Some background: last July, the Red Granite Hollywood production company was accused by the DOJ of using $100 million that prosecutors said had been diverted from the 1MDB fund to finance DiCaprio's 2013 film "The Wolf of Wall Street." Last October, DiCaprio said he was cooperating with the probe and would return any gifts or donations if they were found to have come from questionable sources.

"Mr. DiCaprio initiated return of these items, which were received and accepted by him for the purpose of being included in an annual charity auction to benefit his eponymous foundation," Thursday's statement said. "He has also returned an Oscar originally won by Marlon Brando, which was given to Mr. DiCaprio as a set gift by Red Granite to thank him for his work on 'The Wolf of Wall Street,'" the statement added.

Authorities also accused Jho Low, a Malaysian financier, of laundering more than $400 million stolen from the fund through an account in the United States, where he and his friends used the money to pay for lavish parties, gambling and yachts. Despite the civil allegations, U.S. authorities have not charged Low with any crime. The DOJ said that in 2014 Low used $3.2 million diverted from a 1MDB bond sale to buy a Picasso painting for DiCaprio. "Dear Leonardo DiCaprio, Happy belated Birthday! This gift is for you," a friend of Low's wrote in a note.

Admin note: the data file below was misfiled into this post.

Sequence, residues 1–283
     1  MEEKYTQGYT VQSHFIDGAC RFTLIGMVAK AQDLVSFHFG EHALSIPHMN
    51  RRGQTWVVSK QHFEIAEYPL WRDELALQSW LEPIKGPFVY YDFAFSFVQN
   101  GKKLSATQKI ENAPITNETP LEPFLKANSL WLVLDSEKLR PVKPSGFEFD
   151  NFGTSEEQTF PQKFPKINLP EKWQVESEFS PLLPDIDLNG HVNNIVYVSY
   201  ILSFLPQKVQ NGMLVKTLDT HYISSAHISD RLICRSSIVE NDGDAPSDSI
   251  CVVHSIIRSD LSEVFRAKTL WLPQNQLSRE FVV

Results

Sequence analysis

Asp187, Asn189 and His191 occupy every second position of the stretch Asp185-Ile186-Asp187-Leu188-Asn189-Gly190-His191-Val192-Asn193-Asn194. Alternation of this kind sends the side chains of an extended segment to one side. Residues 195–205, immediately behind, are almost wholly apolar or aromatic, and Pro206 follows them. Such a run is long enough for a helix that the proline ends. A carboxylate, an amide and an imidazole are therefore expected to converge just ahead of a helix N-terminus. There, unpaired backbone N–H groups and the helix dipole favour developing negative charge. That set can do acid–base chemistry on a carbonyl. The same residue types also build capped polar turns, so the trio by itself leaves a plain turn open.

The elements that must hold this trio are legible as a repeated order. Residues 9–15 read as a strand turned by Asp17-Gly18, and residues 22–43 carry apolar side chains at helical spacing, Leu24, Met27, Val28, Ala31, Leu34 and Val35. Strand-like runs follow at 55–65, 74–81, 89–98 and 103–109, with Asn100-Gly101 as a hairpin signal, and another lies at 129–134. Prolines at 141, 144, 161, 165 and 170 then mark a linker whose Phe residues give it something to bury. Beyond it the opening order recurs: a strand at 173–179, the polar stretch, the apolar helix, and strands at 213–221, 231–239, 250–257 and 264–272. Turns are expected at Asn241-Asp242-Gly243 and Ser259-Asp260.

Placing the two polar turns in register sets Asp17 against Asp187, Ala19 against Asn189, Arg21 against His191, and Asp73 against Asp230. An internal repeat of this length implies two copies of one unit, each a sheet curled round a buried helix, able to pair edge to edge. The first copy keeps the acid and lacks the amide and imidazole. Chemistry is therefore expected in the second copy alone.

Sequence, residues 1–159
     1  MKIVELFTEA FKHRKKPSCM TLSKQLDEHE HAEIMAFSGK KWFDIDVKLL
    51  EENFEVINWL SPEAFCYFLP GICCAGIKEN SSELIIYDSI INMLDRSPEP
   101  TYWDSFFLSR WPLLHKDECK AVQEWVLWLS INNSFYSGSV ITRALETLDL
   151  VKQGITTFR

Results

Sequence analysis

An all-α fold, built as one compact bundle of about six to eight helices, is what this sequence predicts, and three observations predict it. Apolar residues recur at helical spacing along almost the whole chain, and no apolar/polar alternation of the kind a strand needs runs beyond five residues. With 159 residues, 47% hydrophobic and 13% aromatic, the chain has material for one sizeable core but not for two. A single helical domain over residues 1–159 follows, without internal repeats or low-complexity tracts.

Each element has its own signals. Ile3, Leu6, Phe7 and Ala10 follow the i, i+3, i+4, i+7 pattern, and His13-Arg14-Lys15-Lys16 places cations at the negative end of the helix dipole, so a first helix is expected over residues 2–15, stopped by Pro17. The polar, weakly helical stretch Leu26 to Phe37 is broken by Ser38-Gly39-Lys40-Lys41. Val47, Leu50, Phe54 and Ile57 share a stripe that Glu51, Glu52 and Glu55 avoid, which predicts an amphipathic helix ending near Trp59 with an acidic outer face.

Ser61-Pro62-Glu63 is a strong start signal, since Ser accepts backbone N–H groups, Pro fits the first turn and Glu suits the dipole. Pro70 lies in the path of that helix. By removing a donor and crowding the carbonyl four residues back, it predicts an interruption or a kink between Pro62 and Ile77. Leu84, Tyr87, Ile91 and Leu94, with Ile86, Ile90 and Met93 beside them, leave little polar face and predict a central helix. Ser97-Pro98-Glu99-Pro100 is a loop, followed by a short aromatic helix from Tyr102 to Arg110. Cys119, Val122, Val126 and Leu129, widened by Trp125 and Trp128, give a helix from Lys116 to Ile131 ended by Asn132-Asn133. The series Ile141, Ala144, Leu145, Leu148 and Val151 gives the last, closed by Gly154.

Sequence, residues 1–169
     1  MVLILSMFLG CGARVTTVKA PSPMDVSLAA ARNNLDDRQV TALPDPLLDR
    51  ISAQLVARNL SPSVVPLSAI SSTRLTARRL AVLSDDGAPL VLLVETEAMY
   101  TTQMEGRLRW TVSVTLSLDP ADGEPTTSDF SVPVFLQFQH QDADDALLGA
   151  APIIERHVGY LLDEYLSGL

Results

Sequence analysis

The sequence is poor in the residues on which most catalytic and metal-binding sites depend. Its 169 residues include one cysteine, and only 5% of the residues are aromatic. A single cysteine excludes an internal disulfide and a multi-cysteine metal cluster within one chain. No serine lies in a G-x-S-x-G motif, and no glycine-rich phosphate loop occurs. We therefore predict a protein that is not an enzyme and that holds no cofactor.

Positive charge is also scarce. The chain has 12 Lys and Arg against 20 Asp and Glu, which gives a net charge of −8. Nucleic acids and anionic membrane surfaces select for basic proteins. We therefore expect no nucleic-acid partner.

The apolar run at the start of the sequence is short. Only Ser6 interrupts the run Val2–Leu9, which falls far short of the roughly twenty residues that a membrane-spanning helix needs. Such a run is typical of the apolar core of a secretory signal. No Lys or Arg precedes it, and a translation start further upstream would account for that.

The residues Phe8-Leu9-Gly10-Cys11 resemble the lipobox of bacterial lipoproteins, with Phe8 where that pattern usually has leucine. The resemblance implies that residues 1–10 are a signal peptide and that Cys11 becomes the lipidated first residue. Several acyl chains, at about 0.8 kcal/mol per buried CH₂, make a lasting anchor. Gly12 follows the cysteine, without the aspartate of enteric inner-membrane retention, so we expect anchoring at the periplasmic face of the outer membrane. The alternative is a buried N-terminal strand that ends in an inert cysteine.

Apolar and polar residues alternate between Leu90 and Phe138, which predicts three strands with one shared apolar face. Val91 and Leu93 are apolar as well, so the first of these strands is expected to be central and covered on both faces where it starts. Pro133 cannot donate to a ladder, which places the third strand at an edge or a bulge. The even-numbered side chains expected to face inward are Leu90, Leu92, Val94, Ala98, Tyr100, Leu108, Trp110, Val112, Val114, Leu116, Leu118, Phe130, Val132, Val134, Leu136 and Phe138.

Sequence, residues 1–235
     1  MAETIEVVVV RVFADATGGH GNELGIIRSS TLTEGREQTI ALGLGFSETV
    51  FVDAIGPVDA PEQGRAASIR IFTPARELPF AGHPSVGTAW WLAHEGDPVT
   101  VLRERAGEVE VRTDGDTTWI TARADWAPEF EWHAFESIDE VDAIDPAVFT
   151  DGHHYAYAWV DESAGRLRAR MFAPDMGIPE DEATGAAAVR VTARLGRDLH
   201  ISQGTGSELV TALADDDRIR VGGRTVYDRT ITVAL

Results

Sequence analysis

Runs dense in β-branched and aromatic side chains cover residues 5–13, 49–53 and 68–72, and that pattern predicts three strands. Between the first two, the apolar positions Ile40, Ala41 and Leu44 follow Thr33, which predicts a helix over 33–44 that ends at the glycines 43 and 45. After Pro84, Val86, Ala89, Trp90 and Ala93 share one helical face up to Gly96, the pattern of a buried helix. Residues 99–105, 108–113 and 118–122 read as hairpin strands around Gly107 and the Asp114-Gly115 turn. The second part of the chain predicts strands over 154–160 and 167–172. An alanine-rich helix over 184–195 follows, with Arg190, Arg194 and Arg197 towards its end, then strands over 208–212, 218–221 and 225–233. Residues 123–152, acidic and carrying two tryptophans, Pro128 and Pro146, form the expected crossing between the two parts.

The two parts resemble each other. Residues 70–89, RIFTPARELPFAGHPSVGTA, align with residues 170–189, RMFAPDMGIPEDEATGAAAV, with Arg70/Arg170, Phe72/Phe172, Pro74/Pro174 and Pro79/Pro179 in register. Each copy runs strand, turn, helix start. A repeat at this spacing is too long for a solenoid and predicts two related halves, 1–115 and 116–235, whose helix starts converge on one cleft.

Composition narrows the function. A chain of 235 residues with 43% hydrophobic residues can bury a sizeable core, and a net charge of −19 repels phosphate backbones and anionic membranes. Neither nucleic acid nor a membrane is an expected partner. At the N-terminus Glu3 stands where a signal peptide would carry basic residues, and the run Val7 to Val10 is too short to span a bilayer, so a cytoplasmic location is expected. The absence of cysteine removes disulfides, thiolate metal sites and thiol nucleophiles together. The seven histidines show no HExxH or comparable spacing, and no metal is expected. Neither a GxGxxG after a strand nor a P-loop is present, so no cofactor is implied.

Low also used $9.2 million diverted from 1MDB bond sales to buy a collage made by the New York artist Jean-Michel Basquiat which was also given to DiCaprio. DiCaprio and Low signed a note in March 2014 absolving the star of "any liability whatsoever resulting directly or indirectly from these art-work," according to the filings.

It was not clear from DiCaprio's statement whether he had already returned the Picasso and Basquiat paintings, and a Diane Arbus photograph that was also listed in the DOJ legal filing.

Separately, the DOJ filing also sought to seize the assets of two other Red Granite produced films which investigators allege were financed by money from the 1MDB fund - the 2014 comedy "Dumb and Dumber To" starring Jim Carrey, and 2015 comedy "Daddy's Home" starring Will Ferrell.  Last year, the DOJ also tried to seize the rights to "The Wolf of Wall Street" although the LA-based Red Granite Pictures said in a statement on Thursday it was "actively engaged in discussions with the Justice Department aimed at resolving these civil cases and is fully cooperating."